I used to work at a camera shop by the seaside. In truth, it wasn’t a camera shop like Jessops. We catered for the people on the beach, so we did sell cameras, mostly Kodak Instamatic, some Polaroid and others, but we sold lots of film, postcards, batteries and other bits you would need on holiday eg sun cream.
On a busy Sunday, when the sun was shining, we could sell literally a van load of film. We would run out. Mostly it was the 126 format. I can still remember the routine:
- Black and white or colour?
- Prints or slides?
- 12 or 20?
- Kodak or Agfa (or even Fuji)?
99% of the time it was Kodak (recognisable in the yellow box) colour prints. 68p or 81p. 20 prints seems better value, but there’s processing to be added. Sometimes we asked about film speed too.
The little cameras were simple but pretty foolproof. Some people thought they were instant pictures, but no, instant loading, in daylight, unlike the slightly more tricky 35mm format. But there were many others. Agfa Rapid was my favourite.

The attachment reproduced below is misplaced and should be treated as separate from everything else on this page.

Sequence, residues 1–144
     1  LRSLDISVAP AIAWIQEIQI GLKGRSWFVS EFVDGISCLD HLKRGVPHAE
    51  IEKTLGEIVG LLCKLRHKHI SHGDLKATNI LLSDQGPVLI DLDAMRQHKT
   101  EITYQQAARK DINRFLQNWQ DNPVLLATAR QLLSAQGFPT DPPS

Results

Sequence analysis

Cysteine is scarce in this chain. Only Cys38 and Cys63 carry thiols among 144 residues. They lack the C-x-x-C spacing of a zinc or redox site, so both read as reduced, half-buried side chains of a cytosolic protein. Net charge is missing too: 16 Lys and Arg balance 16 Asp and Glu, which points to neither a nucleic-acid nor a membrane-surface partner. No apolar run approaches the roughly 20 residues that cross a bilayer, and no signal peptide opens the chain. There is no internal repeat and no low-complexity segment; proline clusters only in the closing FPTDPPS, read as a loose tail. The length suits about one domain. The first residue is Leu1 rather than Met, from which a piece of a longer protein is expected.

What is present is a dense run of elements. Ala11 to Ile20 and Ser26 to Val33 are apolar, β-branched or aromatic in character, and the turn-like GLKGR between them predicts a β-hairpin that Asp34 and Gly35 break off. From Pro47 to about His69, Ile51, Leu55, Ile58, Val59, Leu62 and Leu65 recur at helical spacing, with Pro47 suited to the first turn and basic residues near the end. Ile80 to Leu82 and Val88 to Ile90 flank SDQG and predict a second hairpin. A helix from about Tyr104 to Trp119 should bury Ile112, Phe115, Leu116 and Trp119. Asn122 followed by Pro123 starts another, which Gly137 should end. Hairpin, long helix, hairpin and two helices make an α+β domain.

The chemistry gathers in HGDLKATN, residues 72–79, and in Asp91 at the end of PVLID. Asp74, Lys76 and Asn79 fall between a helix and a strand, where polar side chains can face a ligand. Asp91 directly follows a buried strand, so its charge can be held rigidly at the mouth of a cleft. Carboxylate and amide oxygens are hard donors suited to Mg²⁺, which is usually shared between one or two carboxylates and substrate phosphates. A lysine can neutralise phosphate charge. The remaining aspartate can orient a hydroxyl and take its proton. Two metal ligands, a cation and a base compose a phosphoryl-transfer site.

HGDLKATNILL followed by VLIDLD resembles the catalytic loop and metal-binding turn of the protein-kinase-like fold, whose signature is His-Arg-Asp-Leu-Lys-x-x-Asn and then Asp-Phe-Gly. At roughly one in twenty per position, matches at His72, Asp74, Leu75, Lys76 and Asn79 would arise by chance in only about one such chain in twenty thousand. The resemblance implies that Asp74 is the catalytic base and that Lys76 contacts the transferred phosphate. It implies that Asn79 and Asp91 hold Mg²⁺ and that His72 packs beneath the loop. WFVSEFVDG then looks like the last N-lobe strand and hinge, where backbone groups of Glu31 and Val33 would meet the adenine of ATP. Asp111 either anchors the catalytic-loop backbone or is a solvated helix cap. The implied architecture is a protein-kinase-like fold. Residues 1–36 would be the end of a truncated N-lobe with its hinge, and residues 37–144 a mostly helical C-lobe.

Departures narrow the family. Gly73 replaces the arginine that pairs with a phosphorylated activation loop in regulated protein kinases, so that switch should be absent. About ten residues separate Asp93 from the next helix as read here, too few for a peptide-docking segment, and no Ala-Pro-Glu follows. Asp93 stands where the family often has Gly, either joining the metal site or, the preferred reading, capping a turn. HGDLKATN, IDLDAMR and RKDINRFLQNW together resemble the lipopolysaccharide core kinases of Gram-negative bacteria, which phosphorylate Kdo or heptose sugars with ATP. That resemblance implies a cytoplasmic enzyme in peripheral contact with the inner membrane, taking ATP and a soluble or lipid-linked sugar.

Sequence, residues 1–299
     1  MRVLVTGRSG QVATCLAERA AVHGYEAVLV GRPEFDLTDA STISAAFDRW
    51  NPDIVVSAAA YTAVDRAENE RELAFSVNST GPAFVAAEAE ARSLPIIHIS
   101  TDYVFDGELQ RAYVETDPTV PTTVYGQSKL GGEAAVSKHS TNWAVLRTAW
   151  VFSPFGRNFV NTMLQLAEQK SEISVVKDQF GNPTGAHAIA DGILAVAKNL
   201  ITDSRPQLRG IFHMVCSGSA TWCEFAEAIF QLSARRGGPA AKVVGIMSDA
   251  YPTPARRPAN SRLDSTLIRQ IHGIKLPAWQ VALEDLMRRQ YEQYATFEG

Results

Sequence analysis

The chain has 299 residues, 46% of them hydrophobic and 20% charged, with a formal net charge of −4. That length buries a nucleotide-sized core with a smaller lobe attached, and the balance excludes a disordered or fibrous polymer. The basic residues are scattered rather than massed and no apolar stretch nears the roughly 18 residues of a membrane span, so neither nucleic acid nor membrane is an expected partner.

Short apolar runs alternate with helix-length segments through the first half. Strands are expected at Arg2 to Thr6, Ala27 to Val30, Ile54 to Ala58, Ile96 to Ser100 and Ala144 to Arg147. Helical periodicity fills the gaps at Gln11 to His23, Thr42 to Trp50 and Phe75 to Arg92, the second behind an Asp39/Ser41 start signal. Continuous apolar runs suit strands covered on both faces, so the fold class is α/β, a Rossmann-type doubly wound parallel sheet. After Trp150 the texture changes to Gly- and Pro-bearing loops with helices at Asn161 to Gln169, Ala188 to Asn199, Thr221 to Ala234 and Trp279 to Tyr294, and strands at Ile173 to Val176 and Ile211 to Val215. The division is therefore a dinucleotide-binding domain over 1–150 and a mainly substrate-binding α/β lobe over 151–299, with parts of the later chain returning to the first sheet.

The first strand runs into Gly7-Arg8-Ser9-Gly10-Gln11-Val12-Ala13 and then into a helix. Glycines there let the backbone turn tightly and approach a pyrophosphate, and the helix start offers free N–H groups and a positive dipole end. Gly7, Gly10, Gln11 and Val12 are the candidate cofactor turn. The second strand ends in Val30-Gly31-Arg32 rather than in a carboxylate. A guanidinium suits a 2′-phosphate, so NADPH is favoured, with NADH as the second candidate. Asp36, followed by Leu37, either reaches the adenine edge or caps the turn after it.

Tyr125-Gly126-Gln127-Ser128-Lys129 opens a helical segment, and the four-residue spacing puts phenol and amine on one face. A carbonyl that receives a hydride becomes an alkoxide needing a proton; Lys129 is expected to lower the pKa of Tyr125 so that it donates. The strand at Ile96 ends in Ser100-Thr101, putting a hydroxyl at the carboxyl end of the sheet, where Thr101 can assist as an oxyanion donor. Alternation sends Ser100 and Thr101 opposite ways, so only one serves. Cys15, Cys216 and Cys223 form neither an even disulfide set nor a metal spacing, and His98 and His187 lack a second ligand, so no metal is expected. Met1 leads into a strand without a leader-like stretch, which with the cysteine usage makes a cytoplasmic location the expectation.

Taking the camera onto the beach could be a problem. There were little holes in the film and a small pin that would ‘lock’ the film as you wound on, when it reached the right place. Sand could get into the camera and the pin would stick, so the film just kept winding. Really, you needed to dismantle the camera and give it a good clean. When you’re on the beach having fun, you don’t want that. Plus, it’s too expensive.
The cameras were brought in and we did what we could, at no charge, but I remember the manager failing more often that succeeding. Until one day, when he put the camera rather firmly onto the counter. “I bet that’s fixed it”, I remarked, and it had. The grit was dislodged. It was a temporary fix, but it worked nearly all the time.